Gaining a greater sense of common humanity brings with it a broader perspective which helps to put a sport performance in a more appropriate context. Athletes under pressure can get trapped in a mindset that feels like the whole world hangs in the balance: often described as catastrophic thinking. All sport is a game, and though there can be lots of money involved and it is a livelihood for many, it’s vitally important, for performance and general well-being to be able to keep things in a healthy perspective. The idea that ‘we are all in the same boat, battling the waves of human existence together’ is much more comforting and motivating than thinking we are each an island with our own, unique troubles.
Creating more awareness of our common experience can also help athletes develop respect for their teammates and competitors. Far preferable to the old adage of ‘us against them’ is the idea that we com-pete, i.e. strive together, and push each other to be the best we can be.
A great example of this type of approach is in the story of a Taekwondo coach I know, who, at the top of his game, lost a close fight to a rival in a world championships. In the embrace afterwards, his opponent told him ‘thank you for giving me this opportunity’. This fighter understood that to achieve his own potential he needed someone equally strong to push him to achieve it.
Mindfulness has been used by elite athletes for over 40 years to gain more control over their minds and therefore their reactions at emotionally charged moments. Mindfulness training is particularly effective for creating calmness in times of need and for detaching from the power of negative or distracting emotions. It is also increasingly being recognised for its connection to the experience of flow or being in the zone, as both require an all-encompassing present-focus. Thousands of years of experience has shown us very clearly that you can indeed train your brain to be more present and aware, and the implications of this for sport performance are enormous.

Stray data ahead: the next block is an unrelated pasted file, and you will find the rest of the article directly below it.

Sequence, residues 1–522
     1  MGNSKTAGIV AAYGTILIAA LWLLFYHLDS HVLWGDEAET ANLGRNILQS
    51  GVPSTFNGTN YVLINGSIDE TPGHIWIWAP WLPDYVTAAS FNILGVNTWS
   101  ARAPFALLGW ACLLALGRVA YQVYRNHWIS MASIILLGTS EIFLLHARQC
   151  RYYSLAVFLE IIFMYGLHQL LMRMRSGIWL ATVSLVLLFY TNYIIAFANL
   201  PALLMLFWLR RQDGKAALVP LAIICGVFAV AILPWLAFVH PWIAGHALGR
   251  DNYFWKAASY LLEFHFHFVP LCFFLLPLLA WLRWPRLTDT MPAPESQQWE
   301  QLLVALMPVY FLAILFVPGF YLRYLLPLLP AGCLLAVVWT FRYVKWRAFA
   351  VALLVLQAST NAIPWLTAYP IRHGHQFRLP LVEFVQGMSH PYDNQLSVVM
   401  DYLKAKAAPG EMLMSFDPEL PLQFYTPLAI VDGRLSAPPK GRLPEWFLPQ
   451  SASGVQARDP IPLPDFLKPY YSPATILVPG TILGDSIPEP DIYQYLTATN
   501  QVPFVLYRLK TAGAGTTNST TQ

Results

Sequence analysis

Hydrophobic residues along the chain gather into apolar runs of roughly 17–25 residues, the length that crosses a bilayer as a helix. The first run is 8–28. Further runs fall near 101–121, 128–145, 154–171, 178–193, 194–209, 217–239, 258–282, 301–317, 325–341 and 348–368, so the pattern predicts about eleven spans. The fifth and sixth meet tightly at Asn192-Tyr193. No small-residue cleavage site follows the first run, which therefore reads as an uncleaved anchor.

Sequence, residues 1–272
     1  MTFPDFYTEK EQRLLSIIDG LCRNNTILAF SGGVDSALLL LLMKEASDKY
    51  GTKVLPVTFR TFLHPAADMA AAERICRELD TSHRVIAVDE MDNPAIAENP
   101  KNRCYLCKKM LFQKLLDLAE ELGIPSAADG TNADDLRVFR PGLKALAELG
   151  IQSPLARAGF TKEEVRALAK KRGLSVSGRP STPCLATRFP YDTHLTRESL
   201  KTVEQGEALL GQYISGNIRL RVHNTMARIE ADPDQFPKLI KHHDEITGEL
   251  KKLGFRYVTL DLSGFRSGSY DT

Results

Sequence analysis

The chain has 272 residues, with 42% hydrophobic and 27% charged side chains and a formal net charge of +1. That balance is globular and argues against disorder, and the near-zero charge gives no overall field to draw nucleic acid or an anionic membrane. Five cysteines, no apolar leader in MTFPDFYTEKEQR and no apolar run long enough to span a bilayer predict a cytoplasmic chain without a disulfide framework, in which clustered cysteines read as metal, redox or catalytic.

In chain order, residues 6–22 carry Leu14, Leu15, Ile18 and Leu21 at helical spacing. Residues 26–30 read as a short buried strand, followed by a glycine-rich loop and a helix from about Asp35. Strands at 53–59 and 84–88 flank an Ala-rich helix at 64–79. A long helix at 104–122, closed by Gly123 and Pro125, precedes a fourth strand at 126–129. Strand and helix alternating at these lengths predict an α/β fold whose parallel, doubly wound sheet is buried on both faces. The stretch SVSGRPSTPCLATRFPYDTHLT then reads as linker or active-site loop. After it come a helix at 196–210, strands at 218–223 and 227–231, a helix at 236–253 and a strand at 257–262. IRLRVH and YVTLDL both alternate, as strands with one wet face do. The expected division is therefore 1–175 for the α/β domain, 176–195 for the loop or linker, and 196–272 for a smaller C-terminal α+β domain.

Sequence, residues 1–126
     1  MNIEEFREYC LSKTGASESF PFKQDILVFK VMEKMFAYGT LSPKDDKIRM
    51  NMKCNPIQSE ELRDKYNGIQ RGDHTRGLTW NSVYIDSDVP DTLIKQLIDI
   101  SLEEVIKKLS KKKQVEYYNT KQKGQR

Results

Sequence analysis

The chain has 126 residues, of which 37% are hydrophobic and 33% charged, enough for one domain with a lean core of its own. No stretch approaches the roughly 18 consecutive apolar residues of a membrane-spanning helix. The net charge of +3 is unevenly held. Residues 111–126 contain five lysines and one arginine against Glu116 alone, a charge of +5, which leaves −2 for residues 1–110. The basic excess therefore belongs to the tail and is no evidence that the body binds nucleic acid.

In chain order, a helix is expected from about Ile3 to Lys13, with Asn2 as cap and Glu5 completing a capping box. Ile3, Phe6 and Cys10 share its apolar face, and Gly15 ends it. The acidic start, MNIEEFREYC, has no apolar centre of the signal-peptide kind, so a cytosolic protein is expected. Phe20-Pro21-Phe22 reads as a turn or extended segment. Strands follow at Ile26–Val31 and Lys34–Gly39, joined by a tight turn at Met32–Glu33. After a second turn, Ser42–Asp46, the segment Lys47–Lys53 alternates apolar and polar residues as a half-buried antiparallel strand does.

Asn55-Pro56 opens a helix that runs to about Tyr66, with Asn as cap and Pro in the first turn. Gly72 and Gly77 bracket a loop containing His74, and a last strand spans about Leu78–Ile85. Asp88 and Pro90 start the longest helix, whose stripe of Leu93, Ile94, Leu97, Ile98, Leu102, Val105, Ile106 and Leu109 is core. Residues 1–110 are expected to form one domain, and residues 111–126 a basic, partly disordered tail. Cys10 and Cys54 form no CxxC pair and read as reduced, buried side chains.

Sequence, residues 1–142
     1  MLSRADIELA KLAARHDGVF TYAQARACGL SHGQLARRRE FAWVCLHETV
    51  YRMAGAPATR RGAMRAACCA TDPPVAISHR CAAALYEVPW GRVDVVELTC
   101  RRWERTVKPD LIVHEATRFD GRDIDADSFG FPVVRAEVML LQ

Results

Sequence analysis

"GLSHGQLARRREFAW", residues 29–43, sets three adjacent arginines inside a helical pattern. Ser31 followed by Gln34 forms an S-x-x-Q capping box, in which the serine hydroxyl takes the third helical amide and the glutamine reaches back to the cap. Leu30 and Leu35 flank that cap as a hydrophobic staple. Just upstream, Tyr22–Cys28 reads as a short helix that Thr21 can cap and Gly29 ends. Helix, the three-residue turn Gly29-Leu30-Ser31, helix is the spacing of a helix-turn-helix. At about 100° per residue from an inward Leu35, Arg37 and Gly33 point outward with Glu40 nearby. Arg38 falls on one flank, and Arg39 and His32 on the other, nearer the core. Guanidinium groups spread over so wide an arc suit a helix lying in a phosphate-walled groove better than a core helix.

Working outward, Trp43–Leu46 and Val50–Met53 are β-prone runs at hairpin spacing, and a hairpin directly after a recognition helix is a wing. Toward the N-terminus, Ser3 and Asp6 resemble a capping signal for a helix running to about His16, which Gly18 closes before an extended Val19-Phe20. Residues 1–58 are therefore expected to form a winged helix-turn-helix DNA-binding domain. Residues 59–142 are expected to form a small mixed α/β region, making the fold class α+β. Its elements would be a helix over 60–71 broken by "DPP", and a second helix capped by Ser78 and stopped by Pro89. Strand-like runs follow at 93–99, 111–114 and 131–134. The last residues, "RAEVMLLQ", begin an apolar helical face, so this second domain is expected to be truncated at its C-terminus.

Considering the vital role of mindfulness in enhancing self-compassion on top of the benefits above, it is a wonder that it is not already a more established part of athlete development culture.
I am sure that many of you reading right now are of the opinion that this all sounds nice, but it’s missing the cutting edge that athletes need to succeed. Self-compassion is clearly a good thing to strive for, but its place is in Buddhist retreats rather than elite training camps.
These are among the most common misunderstandings surrounding self-compassion that I will address in the next article in this mini-series. In the west we are much more familiar with the importance of being kind to others than we are with being kind to ourselves. It’s important, then, to get to grips with what it means to be self-compassionate and especially to understand the basis of any misconceptions we may have.
If you want to know more about self-compassion and the research, a good starting place is Dr Kristin Neff’s website:
Or this excellent and thorough introductory article by Kristin Neff and Christopher Germer:
Self-Compassion and Psychological Well-being
Get in Touch!
If you are an elite or former elite athlete and find resonance with this type of self-compassionate approach in your sporting experience, I would love to hear from you about your experience. Please contact me at:
Laurence Halsted is the co-director of The True Athlete Project's mentoring program. He was a foil fencer who won a silver medallist in the 2008 European Championships and represented Great Britain at the 2012 and 2016 Olympic Games. He is the director of performance at Danish Fencing and has written for The Guardian and The Nation on athlete activism.
Read one of Laurence's latest articles here: